Friday, 16 August 2013

Gene Summers- The Rockin Texas Cat

Gene Summers is one of those artists you sort of stumble across by accident, on a destination to another musical point you discover something else along the way. He has a really interesting catalogue of 45's that were released on small labels from 1958 into the late 60's, and they cover the gamut from rockabilly to R&B. It follows a lineage many rockabilly artists took when the rockabilly fad died out, they either took the country path or the more urban path of rhythm and blues. Some of those artists crossed both divides and in doing so created an amazing body of work.

Gene Summers was born in Dallas Texas in 1939, Texas is a place that doesn't get it's due when it comes to music, because anything that came out of Texas had a unique style. A bit like Louisiana, Texas music had a few extra ingredients, there was the ever present influence of Mexican music, in terms of blues they pioneered a very strong down at home bare to the bone style of playing. Bob Willis revolutionised music with his version western swing that mixed country and jazz. So when you listen to Summers' early rockabilly records you are struck by how primitive and raw they sound, there are all the elements of rock and roll but they have an intensity that is different from the rockabilly records recorded in Memphis and Arkansas. His first release was the brutal School of Rock and Roll which was released on the Jan label in March 1958. It has a pounding piano sound that dominates the record but also a brooding rumbling rhythm section that propels the record, the middle of the song has some jungle drums which became familiar to me on some of Buddy Holly's records.

Going under the name Gene Summers and the Rebels he recorded the song nervous which was released in July of 1958, this song has a real bluesy feel to it, it sounds more polished with some nice doo-wop style backing vocals. Twixteen was recorded in Dallas the same year and sees a return to the rockabilly sound of his first record, it's one of those great rock and roll records that focuses on the drama's of adolesence. For some reason Gene didn't release another record for three years, in 1962 he started releasing records on a variety of labels, Almost Twelve O'Clock came out on the Texas based Lafayette label. There is a definite shift in his musical style, the song has a distinct R&B feel and sounds like an uptempo version of Bobby Day's Over and Over.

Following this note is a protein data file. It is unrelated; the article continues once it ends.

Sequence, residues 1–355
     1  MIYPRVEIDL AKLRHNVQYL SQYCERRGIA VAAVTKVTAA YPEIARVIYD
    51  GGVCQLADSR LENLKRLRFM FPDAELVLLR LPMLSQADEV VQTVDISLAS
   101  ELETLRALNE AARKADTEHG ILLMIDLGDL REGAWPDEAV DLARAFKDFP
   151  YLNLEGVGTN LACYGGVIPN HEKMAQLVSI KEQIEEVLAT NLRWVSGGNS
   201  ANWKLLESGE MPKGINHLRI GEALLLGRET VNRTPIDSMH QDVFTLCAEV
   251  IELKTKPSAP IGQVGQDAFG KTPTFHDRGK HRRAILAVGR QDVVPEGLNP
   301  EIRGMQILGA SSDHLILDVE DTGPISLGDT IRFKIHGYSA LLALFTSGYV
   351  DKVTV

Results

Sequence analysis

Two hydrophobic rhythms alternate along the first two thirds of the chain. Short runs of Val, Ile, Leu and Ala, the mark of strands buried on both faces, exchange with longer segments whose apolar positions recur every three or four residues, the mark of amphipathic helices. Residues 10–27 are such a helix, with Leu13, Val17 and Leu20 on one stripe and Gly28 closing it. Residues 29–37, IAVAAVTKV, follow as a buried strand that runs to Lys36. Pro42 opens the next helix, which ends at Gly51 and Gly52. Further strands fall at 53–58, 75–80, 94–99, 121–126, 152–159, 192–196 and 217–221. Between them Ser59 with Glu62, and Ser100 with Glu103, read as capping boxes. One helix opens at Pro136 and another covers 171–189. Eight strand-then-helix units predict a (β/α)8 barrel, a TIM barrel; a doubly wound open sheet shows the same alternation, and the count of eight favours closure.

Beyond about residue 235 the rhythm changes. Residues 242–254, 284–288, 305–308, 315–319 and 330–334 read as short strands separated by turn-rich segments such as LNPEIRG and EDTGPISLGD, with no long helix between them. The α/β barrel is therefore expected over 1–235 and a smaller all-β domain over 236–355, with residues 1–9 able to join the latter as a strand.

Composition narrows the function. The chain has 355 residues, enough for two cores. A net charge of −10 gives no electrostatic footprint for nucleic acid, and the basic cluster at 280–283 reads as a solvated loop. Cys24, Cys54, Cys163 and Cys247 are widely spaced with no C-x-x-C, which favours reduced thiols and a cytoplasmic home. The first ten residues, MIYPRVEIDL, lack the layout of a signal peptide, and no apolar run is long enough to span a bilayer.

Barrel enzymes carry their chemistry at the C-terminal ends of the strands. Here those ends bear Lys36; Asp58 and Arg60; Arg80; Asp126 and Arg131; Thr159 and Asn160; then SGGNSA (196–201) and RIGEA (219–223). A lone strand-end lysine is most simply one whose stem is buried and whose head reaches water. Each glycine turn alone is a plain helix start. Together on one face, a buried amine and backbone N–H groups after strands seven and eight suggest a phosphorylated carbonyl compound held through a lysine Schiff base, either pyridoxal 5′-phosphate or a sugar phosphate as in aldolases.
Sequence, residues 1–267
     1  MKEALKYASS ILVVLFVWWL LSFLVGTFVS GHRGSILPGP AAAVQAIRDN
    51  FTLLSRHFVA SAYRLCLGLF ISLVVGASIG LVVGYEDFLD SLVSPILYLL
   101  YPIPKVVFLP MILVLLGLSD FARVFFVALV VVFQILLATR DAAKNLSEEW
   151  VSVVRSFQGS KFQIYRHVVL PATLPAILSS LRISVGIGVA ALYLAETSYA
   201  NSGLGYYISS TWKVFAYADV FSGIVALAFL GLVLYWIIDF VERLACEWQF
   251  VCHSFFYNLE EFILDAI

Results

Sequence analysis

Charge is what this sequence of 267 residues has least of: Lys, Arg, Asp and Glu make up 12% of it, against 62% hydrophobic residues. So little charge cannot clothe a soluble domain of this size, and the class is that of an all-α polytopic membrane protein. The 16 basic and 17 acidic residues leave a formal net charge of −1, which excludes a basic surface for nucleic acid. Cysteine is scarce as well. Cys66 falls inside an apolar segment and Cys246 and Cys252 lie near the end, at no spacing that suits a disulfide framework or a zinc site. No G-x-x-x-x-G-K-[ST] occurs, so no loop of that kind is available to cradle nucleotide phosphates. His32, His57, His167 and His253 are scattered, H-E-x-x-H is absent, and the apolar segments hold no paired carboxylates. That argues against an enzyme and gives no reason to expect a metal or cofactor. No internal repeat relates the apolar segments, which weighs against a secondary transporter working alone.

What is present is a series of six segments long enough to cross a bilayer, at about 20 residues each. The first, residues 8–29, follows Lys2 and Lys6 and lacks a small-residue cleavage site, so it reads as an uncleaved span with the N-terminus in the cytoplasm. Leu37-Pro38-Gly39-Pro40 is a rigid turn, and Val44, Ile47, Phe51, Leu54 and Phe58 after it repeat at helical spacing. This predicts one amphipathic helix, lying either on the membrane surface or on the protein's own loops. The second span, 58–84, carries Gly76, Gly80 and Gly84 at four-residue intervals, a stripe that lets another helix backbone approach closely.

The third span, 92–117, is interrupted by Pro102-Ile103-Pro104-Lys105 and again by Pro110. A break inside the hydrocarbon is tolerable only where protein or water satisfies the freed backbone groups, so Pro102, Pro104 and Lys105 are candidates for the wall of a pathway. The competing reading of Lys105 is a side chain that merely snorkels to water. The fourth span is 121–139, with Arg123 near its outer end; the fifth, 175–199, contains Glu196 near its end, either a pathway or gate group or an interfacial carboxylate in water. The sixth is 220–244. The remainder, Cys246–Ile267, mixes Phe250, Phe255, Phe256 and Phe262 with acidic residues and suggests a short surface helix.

The following year he released a cover of the Red Perkins song Big Blue Diamonds which was first released as a 78RPM single on King Records in 1950. Summers' version has a more pop styling but it has a distinctive organ melody which gives it more of a soul feel, the single was initially released on two small Texas labels before being picked up by the Jamie label out of Philadelphia, a label that was home to the great Duane Eddy. The follow up Alabama Shake was issued on the Capri label, this is a more uptempo beat styled number with some nice triplet style piano, the guitar solo features some funky Chuck Berry style licks. The B side Just Because is a slower more bluesy ballad with a nice sax interlude. Being 1964 it would have been hard for this type of 45 to break out of the local region. Gene summers continues to record and tour and lot of his material has been reissued on the collectibles label and the brilliant ACE.

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